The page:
Vision Screenings

Did you know that 80% of what a child learns comes through the visual system? And did you know that almost 25% of school age children have vision problems? This means that the earlier a vision issue is detected, the sooner the child can have their eyesight corrected. A child who does not see well will experience little success in school until the problem is addressed. The Center for Vision Loss takes this issue seriously and focuses on providing free vision screenings for children at pre-schools, day care centers, kindergarten registrations and other community locations to improve their readiness for school. Older children can also be screened.

Our vision screeners use the state-of-the-art SPOT vision screening equipment by Welch Allyn. Using this hand-held auto refractor, our screeners can now test a child’s eyes in 5 seconds and the equipment provides a computer print-out of the test results. Using SPOT enables our screeners to reach many more children more quickly, especially those who are 6 months to 6 years old and those who may have language, hearing  or other physical challenges which make regular testing more difficult.  We are pleased to say that our vision screening program has been endorsed by the Lehigh County Medical Society and by various eye care professionals including Dr. Mark Trachtman, Lehigh Valley Eye Specialists, Allentown.

“I would highly recommend having the Center for Vision Loss come to your facility. It’s a free and effective tool to help children and partents detect an early vision problem which [would] have gone several years before detecting…The test is so easy for preschoolers.”
Tracy Leszcynski, Wesley’s Circle of Friends Preschool, Bethlehem.

“I wanted to extend my thanks for your vision screening program at my daughter, Devon’s pre-school. We had no idea that she was having vision problems because she never mentioned having any difficulties. If the screening had not been conducted, we may have missed her condition and the window to treat it before it was too late…”
Toni Bush, parent, Hildebrant Learning Center, Scotrun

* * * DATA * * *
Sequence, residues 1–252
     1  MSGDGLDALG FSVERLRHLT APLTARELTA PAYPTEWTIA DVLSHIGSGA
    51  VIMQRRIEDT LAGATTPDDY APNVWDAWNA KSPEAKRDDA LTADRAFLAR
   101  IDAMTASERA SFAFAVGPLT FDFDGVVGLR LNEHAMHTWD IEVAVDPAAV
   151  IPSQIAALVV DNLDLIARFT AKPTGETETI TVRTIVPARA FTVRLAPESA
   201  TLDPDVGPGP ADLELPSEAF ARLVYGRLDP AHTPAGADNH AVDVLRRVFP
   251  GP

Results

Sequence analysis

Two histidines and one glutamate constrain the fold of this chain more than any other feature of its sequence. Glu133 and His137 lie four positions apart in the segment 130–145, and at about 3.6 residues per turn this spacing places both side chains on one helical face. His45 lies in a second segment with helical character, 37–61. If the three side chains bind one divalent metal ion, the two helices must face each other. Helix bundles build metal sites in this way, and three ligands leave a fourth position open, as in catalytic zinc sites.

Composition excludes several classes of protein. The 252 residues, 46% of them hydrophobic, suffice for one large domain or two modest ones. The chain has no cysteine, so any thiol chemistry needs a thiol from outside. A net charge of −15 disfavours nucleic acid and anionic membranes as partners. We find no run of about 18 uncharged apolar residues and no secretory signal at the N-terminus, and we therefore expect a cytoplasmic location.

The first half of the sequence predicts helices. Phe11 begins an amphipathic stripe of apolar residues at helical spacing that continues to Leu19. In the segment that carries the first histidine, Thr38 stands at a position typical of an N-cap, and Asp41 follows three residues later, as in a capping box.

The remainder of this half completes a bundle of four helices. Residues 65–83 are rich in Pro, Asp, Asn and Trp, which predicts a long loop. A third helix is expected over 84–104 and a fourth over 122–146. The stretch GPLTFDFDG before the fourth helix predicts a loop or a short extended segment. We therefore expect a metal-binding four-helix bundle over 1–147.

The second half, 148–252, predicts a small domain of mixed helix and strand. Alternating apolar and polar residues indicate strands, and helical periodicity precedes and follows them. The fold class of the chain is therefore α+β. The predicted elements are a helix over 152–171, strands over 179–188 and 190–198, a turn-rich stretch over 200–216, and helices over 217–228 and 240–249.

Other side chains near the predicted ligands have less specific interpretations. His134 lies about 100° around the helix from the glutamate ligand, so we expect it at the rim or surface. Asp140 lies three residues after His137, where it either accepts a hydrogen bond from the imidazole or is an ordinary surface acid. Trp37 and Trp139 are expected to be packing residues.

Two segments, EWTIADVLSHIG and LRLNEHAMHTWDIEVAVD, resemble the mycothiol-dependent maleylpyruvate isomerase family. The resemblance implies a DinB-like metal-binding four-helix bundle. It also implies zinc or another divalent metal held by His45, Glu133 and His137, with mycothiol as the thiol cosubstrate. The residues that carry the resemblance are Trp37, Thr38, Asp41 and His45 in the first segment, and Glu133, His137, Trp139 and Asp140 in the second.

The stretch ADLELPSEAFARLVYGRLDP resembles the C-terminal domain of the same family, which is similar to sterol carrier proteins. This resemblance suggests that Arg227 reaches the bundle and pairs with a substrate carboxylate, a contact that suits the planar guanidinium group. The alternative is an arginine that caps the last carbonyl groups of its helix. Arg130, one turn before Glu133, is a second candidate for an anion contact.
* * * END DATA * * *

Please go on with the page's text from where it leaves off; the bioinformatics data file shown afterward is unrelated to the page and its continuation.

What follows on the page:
So whether you are a parent/guardian, teacher, school nurse or the administrator of a facility such as a pre-school or day care center, remember that our vision screening programming will check all of your boxes:
-Our SPOT vision screening equipment makes the screening process as easy as taking a picture.
-SPOT meets American Academy of Pediatrics (AAP) Guidelines, is approved for use by the PA Department of Education, and has been endorsed by the Lehigh County Medical Society and many local pediatric opthalmologists.
-Our screenings meet the health and wellness requirements for Keystone Stars.
-All children screened receive referral results and personal follow-ups.
-Our Community Outreach Specialists are certified to screen by the Pennsylvania Association for the Blind and all screeners have current FBI and PA Child Abuse Clearances.
-Staffs of child education facilities are also encouraged to be screened.

Our vision screeners also provide a limited number of adult vision screenings so they can continue to be aware of healthy vision. These screenings can be conducted at continuing care facilities or community functions such as health fairs.

-In Lehigh County-Dawn Sellers at 610-433-6018 x 244 /
-In Northampton County-Ruthie Asmus at 610-433-6018 x 232 /
-In Monroe County-Katie Moro at 570-992-7787 /

Ruthie Asmus, vision screener, screens the vision of a pre-schooler using the SPOT.
SPOT equipment

C. Well Bunny Goes to School is an educational program for little learners designed specifically to accompany vision screenings. Developed by Center for Vision Loss staff, this 20-minute interactive presentation begins with a reading of The Eye Book by Dr. Suess. The wonderful large brown rabbit that appears in the book becomes our C. Well Bunny, a friendly rabbit hand puppet who shares his six basic eye safety and eye care tips in an entertaining, easy-to-understand format. C. Well is the perfect character to make youngsters aware of the importance of their eyes and introduce vision screenings in a non-threatening way.


Eyes in the Library was created by the Center for Vision Loss’s Community Outreach Department to present eye health and safety in a fun non-school environment that also focuses on the importance of literacy in everyday life. Various kinds of interactive components such as a scavenger hunt or trying your hand at optical illusions are offered based on the age of the audience: pre-school children, early elementary students and late elementary students.

See the contact list, above, to book a program, find out more about the programs listed here or to discuss an idea for a program to better fit your needs.

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